Of the time he got stuck

On a New York State highway

Two whole days in his truck

 

(One child says:  “They called it ‘Woodstock.’ “)

 

Then, there’s West Virginia

When he climbed that mountain road

In coal-mining region

With a full household load.

 

(Little girl says:  “To bring a little girl her toys.”)

 

His stories teach geography

In a way that’s really cool

They tell us other things, too…

Not always taught in school…

 

Grammy says they’re ‘wholesome’ (Other little boy shrugs “What’s that?”)

Their lessons are a must…

They’re all “Made in America”…(Pause)

In a way… they’re just like us.

____________________

To buy these exciting stories (2 to a book), go to links above…and Thank you! 

 

03/21/21

 How We Began Writing the Grandpa and the Truck Stories

Well, you can blame our becoming storytellers about big rig drivers on our youngest (at the time) grandchild—Finn, who was 4 or 5. We’d given him a toy big rig and he was on the floor, pushing the truck, making it appear as if someone was driving it. Suddenly, he held up his hand, holding an imaginary CB and began talking to other truckers who might be up ahead on the imaginary highway, saying: “Breaker…breaker..19…Any smokies up ahead, on the superslab?”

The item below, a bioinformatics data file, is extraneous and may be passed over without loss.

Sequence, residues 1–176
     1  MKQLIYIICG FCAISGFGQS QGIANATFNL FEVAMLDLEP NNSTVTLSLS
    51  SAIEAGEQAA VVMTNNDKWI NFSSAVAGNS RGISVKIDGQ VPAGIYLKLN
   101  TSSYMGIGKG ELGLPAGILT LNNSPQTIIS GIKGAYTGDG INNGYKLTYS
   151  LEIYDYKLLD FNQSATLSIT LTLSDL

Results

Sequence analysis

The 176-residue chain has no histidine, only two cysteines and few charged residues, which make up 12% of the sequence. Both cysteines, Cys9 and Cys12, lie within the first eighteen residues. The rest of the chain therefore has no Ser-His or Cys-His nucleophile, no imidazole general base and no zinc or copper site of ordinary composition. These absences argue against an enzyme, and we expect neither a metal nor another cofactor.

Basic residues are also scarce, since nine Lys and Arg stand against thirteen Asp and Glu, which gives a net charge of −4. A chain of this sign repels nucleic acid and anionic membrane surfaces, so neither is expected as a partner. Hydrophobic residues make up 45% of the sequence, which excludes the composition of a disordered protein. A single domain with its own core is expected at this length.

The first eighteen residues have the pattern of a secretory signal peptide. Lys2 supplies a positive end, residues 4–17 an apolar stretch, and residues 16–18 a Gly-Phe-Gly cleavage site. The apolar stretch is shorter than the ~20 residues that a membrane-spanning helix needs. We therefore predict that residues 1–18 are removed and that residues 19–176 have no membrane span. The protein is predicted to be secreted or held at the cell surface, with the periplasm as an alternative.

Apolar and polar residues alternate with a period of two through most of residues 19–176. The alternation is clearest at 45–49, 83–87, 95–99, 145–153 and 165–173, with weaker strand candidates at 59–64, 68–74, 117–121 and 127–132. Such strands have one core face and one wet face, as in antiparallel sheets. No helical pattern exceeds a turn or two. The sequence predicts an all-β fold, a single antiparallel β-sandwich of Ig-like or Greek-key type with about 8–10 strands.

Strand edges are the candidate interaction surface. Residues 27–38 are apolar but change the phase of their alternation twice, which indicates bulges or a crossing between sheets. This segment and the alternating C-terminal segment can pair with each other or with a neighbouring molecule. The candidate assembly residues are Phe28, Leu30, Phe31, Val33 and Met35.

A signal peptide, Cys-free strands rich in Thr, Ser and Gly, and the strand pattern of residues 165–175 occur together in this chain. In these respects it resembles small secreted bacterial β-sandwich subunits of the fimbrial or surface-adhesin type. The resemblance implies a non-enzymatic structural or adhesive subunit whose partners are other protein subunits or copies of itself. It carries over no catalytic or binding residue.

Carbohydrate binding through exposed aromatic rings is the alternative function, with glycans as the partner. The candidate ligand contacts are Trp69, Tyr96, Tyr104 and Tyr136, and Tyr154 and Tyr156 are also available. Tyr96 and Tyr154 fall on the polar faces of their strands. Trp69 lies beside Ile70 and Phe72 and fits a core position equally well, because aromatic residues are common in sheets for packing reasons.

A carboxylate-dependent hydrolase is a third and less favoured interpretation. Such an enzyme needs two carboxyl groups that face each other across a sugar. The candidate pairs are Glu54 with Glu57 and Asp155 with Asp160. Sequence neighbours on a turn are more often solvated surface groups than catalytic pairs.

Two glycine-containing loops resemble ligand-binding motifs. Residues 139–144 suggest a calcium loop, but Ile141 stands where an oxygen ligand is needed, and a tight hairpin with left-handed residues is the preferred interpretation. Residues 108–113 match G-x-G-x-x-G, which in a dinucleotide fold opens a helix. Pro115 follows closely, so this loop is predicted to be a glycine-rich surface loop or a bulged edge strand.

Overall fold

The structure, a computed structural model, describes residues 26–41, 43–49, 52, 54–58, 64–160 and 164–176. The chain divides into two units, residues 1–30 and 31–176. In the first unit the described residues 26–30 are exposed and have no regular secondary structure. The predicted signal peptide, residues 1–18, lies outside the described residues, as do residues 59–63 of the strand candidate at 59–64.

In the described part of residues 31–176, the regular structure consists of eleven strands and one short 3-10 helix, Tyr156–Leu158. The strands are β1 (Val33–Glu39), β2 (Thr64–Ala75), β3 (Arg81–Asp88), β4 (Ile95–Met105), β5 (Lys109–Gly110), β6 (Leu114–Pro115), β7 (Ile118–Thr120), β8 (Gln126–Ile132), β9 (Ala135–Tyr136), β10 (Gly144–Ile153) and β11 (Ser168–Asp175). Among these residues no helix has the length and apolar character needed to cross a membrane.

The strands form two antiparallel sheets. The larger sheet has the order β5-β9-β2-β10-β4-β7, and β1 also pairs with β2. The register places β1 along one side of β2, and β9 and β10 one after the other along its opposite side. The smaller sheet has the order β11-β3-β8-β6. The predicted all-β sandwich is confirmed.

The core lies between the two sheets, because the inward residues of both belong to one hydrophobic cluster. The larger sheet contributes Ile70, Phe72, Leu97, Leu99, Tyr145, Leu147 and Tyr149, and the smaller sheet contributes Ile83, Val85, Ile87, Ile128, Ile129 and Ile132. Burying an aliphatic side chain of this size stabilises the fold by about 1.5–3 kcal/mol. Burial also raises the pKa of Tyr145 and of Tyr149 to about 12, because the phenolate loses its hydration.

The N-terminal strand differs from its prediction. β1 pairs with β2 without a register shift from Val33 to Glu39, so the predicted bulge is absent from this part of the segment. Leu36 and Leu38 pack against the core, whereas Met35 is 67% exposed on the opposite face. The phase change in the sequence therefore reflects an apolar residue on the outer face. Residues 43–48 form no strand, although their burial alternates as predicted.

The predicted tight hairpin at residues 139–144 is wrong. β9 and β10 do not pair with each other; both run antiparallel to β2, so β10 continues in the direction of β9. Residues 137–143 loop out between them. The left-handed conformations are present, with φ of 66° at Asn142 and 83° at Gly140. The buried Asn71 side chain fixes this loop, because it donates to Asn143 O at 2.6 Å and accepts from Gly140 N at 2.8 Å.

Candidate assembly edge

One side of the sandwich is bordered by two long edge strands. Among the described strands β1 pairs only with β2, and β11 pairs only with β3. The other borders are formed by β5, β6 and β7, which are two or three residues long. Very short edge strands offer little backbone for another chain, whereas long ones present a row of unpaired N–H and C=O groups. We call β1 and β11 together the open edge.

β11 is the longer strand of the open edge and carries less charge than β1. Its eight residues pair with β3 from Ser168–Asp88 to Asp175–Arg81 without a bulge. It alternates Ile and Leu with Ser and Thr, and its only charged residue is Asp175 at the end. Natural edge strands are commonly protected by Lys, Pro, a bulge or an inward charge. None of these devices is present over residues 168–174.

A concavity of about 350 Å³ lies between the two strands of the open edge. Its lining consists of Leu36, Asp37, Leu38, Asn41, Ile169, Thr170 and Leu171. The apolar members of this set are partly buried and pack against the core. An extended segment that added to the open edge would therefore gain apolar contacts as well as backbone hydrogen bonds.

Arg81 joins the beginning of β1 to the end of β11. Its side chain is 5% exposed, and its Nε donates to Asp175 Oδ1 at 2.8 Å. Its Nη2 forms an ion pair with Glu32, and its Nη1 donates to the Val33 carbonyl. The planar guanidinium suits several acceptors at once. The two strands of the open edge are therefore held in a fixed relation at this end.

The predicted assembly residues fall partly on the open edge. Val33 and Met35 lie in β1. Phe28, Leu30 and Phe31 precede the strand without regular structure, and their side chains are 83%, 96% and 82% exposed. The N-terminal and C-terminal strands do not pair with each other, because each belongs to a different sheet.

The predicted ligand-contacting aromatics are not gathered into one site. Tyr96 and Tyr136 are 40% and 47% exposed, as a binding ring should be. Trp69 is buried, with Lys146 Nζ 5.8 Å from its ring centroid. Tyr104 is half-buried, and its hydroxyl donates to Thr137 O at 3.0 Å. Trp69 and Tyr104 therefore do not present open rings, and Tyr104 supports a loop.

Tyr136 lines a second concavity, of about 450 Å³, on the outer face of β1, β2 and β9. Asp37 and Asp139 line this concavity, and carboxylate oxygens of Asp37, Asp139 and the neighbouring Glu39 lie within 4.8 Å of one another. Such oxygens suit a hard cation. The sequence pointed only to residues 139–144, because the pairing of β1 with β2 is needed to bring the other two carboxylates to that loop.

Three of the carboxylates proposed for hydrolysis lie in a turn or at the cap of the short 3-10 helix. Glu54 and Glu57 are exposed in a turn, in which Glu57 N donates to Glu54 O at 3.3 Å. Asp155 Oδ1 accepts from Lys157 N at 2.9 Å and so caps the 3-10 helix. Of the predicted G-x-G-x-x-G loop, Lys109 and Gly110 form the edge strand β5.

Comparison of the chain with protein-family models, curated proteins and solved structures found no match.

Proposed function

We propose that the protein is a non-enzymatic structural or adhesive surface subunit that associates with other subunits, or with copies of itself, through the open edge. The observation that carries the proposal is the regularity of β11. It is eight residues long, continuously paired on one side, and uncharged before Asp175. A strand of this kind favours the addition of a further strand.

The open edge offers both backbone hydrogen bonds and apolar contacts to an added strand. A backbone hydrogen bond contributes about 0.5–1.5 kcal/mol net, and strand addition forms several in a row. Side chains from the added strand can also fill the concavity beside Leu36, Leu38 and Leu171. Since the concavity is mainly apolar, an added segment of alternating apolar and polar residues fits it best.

He was asking if any “smokies” (police) were on the “superslab” (highway) which suggests his trucker might have been going a tad faster than he was supposed to.

Hearing him told me that my youngest grandchild had listened to the stories I’d told him of Grandpa’s truck-driving years and he’d even memorized some of the special language truckers use when talking to each other.